Edit /etc/chrony/chrony.conf and uncomment the line for which kinds of logging to turn on:
# Uncomment the following line to turn logging on.
log tracking measurements statistics
Then restart chrony (sudo systemctl restart chrony) and logs will start writing to /var/log/chrony (this location is defined a couple lines below the log line in chrony.conf):
[email protected]:~ $ ls /var/log/chrony
measurements.log statistics.log tracking.log
For NTPd (be sure to restart it after making any configuration changes):
[email protected] ~ % cat /etc/ntp.conf
# Enable this if you want statistics to be logged.
statistics loopstats peerstats clockstats
filegen loopstats file loopstats type day enable
filegen peerstats file peerstats type day enable
filegen clockstats file clockstats type day enable
Wait a few minutes for some data to record (chrony synchronizes pretty quick compared to NTPd) and check the statistics file, filtered to our NMEA refid:
cat /var/log/chrony/statistics.log | grep NMEA
This spits out the lines that have NMEA present (the ones of interest for our USB GPS). To include the headers to show what each column is we can run
cat /var/log/chrony/statistics.log | head -2; cat /var/log/chrony/statistics.log | grep NMEA
# ntp, there is no header info so we can omit that part of the command
cat /var/log/peerstats | grep 127.127.28.0
NTP stats don’t include header information. The column of interest is the one after the 9014 column. The columns are day, seconds past midnight, source, something, estimated offset, something, something, something. We can see the offset for this VK-172 USB GPS is somewhere around 76-77 milliseconds (0.076-0.077 seconds), which we can put in place of the 0.000 for the .28 driver for NTP and remove noselect.
So now we have some data showing the statistics of our NMEA USB GPS NTP source. We can copy and paste this into Excel, run data to columns, and graph the result and/or get the average to set the offset.
This graph is certainly suspicious (sine wave pattern and such) and if I wasn’t writing this blog post, I’d let data collect overnight to determine an offset. Since time is always of the essence, I will just take the average of the ‘est offset’ column (E), which is 7.64E-2, or 0.0763 seconds. Let’s pop this into the chrony.conf file and remove noselect:
Restart chrony again for the config file changes to take effect – sudo systemctl restart chrony.
6 – watch ‘chrony sources’ or ‘ntpq -pn’ to see if the USB GPS gets selected as the main time source
If you aren’t aware, Ubuntu/Debian/most Linux includes a utility to rerun a command every x seconds called watch. We can use this to watch chrony to see how it is interpreting each time source every 1 second:
# for chrony
watch -n 1 chronyc sources
In the above screenshot, we can see that chrony actually has the NMEA source selected as the primary source (denoted with the *). It has the Raspberry Pi PPS NTP GPS ready to takeover as the new primary (denoted with the +). All of the sources match quite closely (from +4749us to – 505us is around 5.2 milliseconds). The source “offset” is in the square brackets ([ and ]).
# for ntp
watch -n 1 ntpq -pn
7- is +/- five millseconds good enough?
For 99% of use cases, yes. You can stop here and your home network will be plenty accurate. If you want additional accuracy, you are in luck. This GPS module also outputs a PPS (pulse per second) signal! We can use this to get within 0.05 millseconds (0.00005 seconds) from official/atomic clock time.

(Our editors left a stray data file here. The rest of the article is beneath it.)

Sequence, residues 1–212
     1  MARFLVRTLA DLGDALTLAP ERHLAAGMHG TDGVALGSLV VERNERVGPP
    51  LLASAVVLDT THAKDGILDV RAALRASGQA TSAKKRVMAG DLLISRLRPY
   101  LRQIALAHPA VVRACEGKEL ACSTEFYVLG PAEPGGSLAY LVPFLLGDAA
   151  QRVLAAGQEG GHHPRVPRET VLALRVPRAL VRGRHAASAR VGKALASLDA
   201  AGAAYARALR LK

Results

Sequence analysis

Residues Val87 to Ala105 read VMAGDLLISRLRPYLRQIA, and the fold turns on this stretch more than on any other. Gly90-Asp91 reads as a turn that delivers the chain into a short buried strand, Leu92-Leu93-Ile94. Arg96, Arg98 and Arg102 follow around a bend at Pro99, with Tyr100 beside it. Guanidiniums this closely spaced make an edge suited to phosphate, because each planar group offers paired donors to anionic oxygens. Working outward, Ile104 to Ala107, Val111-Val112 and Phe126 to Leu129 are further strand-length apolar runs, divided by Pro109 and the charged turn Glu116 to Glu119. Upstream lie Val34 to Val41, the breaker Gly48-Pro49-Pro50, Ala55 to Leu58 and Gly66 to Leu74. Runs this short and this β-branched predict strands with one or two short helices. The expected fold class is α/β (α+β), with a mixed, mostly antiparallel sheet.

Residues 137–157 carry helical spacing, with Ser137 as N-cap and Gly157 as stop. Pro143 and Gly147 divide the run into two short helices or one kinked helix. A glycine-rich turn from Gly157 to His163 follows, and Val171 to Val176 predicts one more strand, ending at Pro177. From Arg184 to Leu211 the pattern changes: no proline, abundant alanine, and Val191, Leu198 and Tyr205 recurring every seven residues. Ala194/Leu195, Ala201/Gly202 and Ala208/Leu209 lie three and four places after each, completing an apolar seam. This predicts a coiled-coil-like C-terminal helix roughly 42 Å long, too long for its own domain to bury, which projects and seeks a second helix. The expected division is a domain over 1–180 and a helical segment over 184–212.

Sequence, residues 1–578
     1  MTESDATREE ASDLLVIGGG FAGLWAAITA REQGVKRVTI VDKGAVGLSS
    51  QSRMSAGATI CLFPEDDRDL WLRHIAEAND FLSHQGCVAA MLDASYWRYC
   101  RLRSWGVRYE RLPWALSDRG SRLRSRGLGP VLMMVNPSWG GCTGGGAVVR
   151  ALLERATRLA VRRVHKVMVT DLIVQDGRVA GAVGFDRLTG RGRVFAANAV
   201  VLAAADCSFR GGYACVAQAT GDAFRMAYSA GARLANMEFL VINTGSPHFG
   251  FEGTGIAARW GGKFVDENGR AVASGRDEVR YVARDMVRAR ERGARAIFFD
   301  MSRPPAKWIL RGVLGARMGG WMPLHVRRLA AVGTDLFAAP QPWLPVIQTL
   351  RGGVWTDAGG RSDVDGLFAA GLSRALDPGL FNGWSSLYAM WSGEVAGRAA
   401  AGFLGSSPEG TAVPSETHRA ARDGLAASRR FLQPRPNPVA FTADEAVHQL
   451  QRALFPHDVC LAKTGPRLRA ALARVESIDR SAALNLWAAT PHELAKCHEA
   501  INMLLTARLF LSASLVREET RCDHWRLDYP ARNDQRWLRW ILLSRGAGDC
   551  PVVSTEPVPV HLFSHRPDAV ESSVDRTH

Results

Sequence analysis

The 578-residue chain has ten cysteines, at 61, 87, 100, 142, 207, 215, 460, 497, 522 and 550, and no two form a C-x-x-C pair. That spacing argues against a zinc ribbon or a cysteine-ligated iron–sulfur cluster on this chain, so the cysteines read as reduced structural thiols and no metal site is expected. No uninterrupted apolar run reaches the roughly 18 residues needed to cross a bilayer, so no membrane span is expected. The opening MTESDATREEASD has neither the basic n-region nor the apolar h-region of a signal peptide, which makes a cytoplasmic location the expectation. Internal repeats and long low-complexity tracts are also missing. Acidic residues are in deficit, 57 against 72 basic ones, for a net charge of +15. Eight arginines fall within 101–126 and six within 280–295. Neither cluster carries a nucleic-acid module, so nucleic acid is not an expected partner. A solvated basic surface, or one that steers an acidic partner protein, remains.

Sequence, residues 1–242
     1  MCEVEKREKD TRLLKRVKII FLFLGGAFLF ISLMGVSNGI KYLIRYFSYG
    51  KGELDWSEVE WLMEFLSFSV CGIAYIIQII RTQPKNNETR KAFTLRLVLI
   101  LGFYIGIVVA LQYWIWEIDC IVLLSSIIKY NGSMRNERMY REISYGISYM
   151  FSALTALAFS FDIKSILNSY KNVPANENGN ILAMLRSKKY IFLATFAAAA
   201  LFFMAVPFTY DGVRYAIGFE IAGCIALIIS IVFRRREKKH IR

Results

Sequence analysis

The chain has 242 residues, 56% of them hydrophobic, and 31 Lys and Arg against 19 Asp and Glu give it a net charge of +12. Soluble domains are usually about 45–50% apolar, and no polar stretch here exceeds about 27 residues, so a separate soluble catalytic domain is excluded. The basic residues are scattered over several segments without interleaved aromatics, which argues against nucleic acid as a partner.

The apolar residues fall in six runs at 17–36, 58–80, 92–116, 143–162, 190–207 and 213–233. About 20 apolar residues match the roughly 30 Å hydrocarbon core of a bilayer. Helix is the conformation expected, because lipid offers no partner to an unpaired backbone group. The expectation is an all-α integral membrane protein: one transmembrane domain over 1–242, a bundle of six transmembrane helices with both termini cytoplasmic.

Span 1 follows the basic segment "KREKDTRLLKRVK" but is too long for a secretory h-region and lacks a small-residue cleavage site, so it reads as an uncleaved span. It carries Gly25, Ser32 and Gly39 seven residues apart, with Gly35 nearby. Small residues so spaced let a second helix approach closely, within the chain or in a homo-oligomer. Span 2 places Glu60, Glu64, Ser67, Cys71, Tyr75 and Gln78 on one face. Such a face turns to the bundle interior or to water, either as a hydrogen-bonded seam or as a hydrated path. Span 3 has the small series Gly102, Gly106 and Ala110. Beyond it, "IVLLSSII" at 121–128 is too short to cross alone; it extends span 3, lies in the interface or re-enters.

In this post, we got a u-blox USB GPS set up and added it as a reference clock (refclock) to chrony and demonstrated it is clearly within 10 millisecond of official GPS time.
You could write a script to do all this for you! I should probably try this myself…
In the next post, we can add PPS signals from the GPS module to increase our time accuracy by 1000x (into the microsecond range).
A note on why having faster message transmission is better for timing
My current PPS NTP server uses chrony with NMEA messages transmitted over serial and the PPS signal fed into a GPIO pin. GPSd as a rule does minimum configuration of GPS devices. It typically defaults to 9600 baud for serial devices. A typical GPS message looks like this:
$GPGGA, 161229.487, 3723.2475, N, 12158.3416, W, 1, 07, 1.0, 9.0, M, , , , 0000*18
That message is 83 bytes long. At 9600 baud (9600 bits per second), that message takes 69.1 milliseconds to transmit. Each character/byte takes 0.833 milliseconds to transmit. That means that as the message length varies, the jitter will increase. GPS messages do vary in length, sometimes significantly, depending on what is being sent (i.e. the satellite information, $GPGSV sentences, is only transmitted every 5-10 seconds).
I opened gpsmon to get a sample of sentences – I did not notice this until now but it shows how many bytes each sentence is at the front of the sentence:
These sentences range from 83 bytes to 35 bytes, a variation of (83 bytes -35 bytes)*0.833 milliseconds per byte = 39.984 milliseconds.
Compare to the u-blox binary UBX messages which seem to always be 60 bytes and transmitted at 57600 baud, which is 8.33 milliseconds to transmit the entire message.
The variance (jitter) is thus much lower and can be much more accurate as a NTP source. GPSd has no problem leaving u-blox modules at 57600 baud. This is why the USB GPS modules perform much more accurate for timekeeping than NMEA-based devices when using GPSd.
For basically every GPS module/chipset, it is possible to send it commands to enable/disable sentences (as well as increase the serial baud rate). In an ideal world for timekeeping, GPSd would disable every sentence except for time ($GPZDA), and bump up the baud rate to the highest supported level (115200, 230400, etc.). Unfortunately for us, GPSd’s default behavior is to just work with every GPS, which essentially means no configuring the GPS device.